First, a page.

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CO2 and unconsumed conmercial wine

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Bruer

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Has anyone flushed bottles of half drunk wine with co2? Does it help to prevent it turning after a few days? Can it stay open longer?
 

Mardoo

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Repressurising sparkling wine absolutely extends shelf life of opened bottles. It doesn’t just keep the sparkle, but the flavour life is extended by 3 to 4 days. Haven’t tried it with still wine.
 

laxation

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At chambers winery in rutherglen they use nitrogen for all their wines (edit: while sitting for tasting). Outside of maybe making it fizzy, when I asked them, they said no problems using co2 to do the same
 
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pcqypcqy

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I try to do this if I know I won't finish it straight away (i.e. next day).

I think the best way is to poke some gas line in the neck as far down as you can without submerging, and flushing it slowly from below. Hopefully this will displace some of the air out of the bottle allowing you to put the cap back on a CO2 rich environment.

Proper flushing for long term storage needs LOTS of gas, but this method uses a little and extends the life by a few days/weeks.

I believe there are lids you can get for this sort of thing, I've seen some restaurants use them for bottles they serve by the glass.
 

MHB

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The serve by the glass systems I have looked at use Argon to both dispense and prevent oxidisation.
CO2 would help displace O2, but it's very soluble and will affect the pH of the wine causing flavour changes - probably fine for a couple of days at home - not really an acceptable option for a bottle of Grange that might be sitting for weeks.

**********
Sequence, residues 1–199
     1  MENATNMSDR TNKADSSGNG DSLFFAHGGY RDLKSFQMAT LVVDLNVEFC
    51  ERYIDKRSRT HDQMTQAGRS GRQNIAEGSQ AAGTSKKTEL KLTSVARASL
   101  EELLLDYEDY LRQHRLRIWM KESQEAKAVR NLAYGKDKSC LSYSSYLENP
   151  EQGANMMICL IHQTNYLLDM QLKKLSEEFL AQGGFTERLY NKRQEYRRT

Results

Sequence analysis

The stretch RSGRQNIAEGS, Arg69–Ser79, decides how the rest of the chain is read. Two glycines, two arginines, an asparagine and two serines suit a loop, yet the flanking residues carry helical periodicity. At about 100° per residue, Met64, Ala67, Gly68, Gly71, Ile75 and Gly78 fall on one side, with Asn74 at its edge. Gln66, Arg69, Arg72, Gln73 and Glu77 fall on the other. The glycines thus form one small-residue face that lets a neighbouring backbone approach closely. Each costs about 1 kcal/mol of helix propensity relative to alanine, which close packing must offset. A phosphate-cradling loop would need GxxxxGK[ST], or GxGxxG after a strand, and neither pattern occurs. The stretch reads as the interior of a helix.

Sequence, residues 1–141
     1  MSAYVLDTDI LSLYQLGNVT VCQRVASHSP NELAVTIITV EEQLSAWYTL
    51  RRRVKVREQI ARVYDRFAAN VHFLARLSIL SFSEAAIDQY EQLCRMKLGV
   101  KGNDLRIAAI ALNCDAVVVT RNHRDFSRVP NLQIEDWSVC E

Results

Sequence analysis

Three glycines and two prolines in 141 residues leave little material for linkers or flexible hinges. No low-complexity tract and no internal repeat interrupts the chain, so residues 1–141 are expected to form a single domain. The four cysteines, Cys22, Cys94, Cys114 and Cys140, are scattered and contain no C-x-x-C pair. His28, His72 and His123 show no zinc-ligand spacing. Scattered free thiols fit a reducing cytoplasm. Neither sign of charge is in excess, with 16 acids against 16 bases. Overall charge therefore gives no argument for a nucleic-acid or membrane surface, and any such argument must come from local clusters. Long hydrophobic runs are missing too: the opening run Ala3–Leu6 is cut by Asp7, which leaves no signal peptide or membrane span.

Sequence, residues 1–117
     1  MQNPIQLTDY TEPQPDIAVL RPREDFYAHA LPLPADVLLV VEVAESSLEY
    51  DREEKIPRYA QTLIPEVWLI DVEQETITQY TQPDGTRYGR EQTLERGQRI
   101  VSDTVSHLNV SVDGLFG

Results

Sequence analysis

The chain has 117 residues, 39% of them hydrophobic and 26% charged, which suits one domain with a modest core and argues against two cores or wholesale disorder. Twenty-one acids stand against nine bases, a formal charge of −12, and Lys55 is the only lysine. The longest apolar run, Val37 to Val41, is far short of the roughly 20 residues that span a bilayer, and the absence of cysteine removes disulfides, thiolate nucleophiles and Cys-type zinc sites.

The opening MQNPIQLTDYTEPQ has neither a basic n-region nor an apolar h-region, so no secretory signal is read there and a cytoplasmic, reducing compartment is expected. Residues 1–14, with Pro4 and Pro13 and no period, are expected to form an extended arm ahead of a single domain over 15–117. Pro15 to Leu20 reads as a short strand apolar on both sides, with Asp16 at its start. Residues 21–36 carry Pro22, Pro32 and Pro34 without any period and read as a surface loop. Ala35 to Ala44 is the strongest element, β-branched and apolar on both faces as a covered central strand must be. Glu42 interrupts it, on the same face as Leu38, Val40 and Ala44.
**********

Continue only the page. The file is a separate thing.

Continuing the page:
If you kept CO2 overpressure on cold wine for any length of time it would take up a lot get some fizz and taste very different.
Nitrogen is widely used in packaging, mostly because equipment that de-oxygenates air has become very inexpensive (in commercial terms). Even biscuits and potato chips are MAP (Modified Atmosphere Packaged) to retain freshness.
Mark
 

Bribie G

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The serve by the glass systems I have looked at use Argon to both dispense and prevent oxidisation.
CO2 would help displace O2, but it's very soluble and will affect the pH of the wine causing flavour changes - probably fine for a couple of days at home - not really an acceptable option for a bottle of Grange that might be sitting for weeks.
If you kept CO2 overpressure on cold wine for any length of time it would take up a lot get some fizz and taste very different.
Nitrogen is widely used in packaging, mostly because equipment that de-oxygenates air has become very inexpensive (in commercial terms). Even biscuits and potato chips are MAP (Modified Atmosphere Packaged) to retain freshness.
Mark
Not to mention Brewman's hops. Go Steve.
 

wynnum1

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Sunnyvale Fruity Lexia Cask 4L

Dan Murphy case of 4 $20.99 is this the correct price.
 

Bribie G

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And they don't wake the whole street up on recycling truck day.
 

Grott

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A year of drinking that (vs home brew), check your liver & kidneys before and after.
 

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